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PIPA Long Blocking

Just in case you missed it we have preserved our international SOPA/PIPA blackout day page here: Be sure to click through to swap back and forth between the redacted and unredacted versions.



Our crude example may be a bit forced but we hope it conveys the basic point: There are more problems with censorship and prior restraint than just the abstract assertion "they are wrong." To be clear, in our view censorship is prima facie wrong, but it is also dangerous.

Censorship distorts dialogue and discourse. By skewing the marketplace of ideas for or against a particular class of speech or squelching a particular set of sources censorship denies listeners, readers, and viewers information. It also has the potential to change meaning, as in our letter. Censorship is so powerful in the short-term, and so dangerous later, because it tends to reinforce pre-conceptions in this way.

Knowing even what little you probably knew about us our redaction almost certainly reinforced your own biases. Perhaps you found that butchered sentences almost rewrote the missing fragments by themselves? And we would be willing to wager that none of the gap-fillers were particularly flattering to the formerly distinguished gentleman from Connecticut.

Likely it was easy to imagine that on SOPA/PIPA blackout day the team that snapped up at auction would post unkind things in an open letter to a former United States Senator who had openly attacked SOPA/PIPA boycott participants.

One can argue that we were awfully selective about the passages we redacted. If we had set up some random redaction system probably the meaning change would be less dramatic. And this is the point.

Censorship is rarely random. It has purpose and direction. This, combined with the propensity of an attenuation in signal to boost the effects of confirmation bias, is what makes it so damaging to the marketplace for ideas and so useful to those with the power to censor.

Did you also notice that the redacted version lacks almost any hint of sarcasm or parody? Wit is a subtle and elegant thing in the English language (less so in German). It depends on very intricate interactions between words, phrases, clauses, and the overall tone of a body of content. Tamper with this delicate structure and the whole is not just diminished but destroyed.

Beneath the black smears of redaction on our letter there is a powerful interplay of themes and messages.

  • Chris Dodd does actually have a reputation for public intoxication

Here we layer this rather obvious assertion under the equally obvious artifice of "what some have termed, perhaps unfairly...." Among Americans Dodd's reputation as a drunk is so thick that the subtlety actually punctuates the point with more force than a simple declaration might. "Chris Dodd is a drunk" simply lacks craft. Neither does "Chris Dodd is a drunk" set the tone for parody, sarcasm, or wit in general that the more subtle version conveys. Or we hope so any way.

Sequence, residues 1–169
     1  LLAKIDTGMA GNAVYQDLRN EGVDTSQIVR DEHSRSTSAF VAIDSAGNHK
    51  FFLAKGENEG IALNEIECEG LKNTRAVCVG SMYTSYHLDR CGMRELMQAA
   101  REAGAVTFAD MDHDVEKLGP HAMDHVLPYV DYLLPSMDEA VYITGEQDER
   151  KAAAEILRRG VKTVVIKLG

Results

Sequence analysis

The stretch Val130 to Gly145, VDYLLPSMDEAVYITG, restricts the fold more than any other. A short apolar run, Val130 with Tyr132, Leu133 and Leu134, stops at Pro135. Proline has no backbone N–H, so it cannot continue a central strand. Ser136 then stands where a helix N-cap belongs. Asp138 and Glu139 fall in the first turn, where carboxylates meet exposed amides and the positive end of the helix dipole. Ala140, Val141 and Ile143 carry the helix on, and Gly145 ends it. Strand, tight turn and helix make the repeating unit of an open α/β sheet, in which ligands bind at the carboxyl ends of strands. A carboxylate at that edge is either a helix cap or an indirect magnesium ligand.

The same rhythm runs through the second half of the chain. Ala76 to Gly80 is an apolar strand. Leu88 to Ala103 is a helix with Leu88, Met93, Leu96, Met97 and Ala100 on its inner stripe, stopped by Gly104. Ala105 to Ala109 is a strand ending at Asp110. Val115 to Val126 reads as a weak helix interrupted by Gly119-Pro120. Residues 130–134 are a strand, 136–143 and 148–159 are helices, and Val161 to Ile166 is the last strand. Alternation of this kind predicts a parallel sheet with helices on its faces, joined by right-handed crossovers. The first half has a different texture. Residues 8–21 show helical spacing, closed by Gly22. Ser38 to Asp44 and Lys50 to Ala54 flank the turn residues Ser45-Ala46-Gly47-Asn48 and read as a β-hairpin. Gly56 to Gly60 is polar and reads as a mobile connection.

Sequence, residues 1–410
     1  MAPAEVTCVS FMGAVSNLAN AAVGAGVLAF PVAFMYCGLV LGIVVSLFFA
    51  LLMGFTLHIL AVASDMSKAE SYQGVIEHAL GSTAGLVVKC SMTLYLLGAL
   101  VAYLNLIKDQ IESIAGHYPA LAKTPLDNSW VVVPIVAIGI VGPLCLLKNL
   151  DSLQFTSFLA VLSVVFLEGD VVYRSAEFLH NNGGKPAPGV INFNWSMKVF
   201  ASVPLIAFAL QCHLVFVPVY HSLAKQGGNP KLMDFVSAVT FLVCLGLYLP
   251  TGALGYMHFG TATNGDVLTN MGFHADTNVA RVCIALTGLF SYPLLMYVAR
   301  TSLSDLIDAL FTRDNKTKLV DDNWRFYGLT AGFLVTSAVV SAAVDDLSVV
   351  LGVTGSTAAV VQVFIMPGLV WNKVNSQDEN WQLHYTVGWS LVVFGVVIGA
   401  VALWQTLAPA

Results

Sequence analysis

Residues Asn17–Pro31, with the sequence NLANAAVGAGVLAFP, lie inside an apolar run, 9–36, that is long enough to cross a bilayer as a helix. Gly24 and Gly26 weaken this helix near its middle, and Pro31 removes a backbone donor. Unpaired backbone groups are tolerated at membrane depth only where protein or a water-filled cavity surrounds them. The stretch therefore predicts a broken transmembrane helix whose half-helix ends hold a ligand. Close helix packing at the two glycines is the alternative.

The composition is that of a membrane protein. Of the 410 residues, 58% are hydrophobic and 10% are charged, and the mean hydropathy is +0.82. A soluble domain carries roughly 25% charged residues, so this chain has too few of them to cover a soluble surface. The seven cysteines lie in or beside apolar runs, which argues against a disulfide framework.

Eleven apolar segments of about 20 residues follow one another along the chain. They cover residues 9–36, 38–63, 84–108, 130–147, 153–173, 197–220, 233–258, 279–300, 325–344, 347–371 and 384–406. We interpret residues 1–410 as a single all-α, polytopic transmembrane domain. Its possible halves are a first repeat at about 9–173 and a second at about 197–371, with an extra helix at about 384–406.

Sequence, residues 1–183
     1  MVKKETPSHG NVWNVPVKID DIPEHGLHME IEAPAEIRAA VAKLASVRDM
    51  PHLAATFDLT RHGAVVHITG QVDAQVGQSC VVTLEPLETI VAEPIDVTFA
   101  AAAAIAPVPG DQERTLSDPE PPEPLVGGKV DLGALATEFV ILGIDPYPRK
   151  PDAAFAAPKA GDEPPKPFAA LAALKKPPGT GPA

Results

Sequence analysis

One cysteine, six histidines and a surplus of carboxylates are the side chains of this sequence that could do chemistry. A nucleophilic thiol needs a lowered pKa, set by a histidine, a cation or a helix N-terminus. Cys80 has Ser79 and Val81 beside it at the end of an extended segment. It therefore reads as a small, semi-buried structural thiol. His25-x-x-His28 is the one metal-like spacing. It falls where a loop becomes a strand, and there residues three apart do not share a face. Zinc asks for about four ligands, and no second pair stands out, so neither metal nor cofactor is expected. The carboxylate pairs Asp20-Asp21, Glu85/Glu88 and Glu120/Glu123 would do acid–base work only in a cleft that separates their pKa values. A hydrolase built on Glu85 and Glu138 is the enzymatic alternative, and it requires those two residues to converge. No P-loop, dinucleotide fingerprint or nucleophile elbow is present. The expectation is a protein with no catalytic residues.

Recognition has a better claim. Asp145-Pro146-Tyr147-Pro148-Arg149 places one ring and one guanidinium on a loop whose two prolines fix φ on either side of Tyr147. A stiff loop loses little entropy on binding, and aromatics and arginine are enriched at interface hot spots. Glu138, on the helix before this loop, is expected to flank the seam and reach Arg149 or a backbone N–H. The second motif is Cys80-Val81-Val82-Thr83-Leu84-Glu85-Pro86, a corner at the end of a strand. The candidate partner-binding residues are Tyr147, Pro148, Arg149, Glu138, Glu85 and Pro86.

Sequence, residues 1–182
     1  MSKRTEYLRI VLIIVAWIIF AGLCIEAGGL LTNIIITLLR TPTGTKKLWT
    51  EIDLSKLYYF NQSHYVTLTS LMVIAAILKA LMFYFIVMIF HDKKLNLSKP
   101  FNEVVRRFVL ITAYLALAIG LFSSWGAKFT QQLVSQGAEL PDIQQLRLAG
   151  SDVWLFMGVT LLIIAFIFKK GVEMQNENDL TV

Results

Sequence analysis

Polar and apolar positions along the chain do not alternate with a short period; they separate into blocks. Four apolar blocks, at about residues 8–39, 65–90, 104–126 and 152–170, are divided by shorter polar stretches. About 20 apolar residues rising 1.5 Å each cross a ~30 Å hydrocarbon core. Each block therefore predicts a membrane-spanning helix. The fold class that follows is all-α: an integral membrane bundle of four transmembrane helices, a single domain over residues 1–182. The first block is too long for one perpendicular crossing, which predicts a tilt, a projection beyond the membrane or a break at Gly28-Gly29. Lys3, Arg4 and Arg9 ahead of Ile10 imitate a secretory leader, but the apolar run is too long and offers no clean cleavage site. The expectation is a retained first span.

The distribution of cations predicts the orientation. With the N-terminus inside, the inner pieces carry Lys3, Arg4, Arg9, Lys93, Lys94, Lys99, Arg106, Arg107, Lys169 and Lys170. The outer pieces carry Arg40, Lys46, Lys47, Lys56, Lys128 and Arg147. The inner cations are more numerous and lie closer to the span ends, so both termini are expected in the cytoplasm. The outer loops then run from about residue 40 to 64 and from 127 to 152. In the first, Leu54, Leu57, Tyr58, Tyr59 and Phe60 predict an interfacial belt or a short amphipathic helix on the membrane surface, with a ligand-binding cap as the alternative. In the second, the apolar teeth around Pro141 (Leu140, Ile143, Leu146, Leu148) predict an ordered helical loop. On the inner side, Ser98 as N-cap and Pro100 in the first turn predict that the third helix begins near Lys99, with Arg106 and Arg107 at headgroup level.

• "Senator Edward Kennedy"

The mere presence of the name of the distinguished dead gentleman from Massachusetts and Chris Dodd's frequent drinking companion in years past tars the entire piece with a very heavily inked brush. Without the bracketing language the reader is hard pressed not to mouth the word "Chappaquiddick" as their eyes pass over the cut passages before the reading point even reaches "wheels pointed down the road...."

Kennedy would take over the entire piece if we let him.

  • "waitress" / "sandwich"

Without redaction the juxtaposition of "waitress" and "sandwich" might totally obscure this reference to an unfortunate if only alleged Dodd-Kennedy incident back in 1985. But without redaction the suggestion is probably so subtle as to be missed by all but the most politically attuned. Or maybe shockingly ancient readers.

  • "uck" "twelve year old girls"

You are on your own here, Pedobear.  We will just comment that to a twelve year old girl the coy smile of a washed out, sexagenarian, former senator and a letter from the MPAA might be equally intimidating.

In the full text all of these combine into a whole that tells the reader both that this prose is shot through with sarcasm, and also that it is deadly serious. All of this is lost when the letter is selectively censored. A bit of sarcasm about Chris Dodd's drunken tax-and-spend brand of governance drives home just what a drunk tax-and-spend lawmaker he was.

We are just kidding obviously (no, we're serious!). And that little nuance expresses infinitely more than just "Chris Dodd is an old drunk."

We hope the message is clear: Censorship is dangerous and somewhat unpredictable. If you plan to create a regime of censorship you better be prepared to maintain control of it for the next several generations. Who knows who or what it might support in a decade or so.

Oh, and in case it wasn't obvious, we think Chris Dodd is a hack no matter how much redaction or sarcasm we cram into an open letter.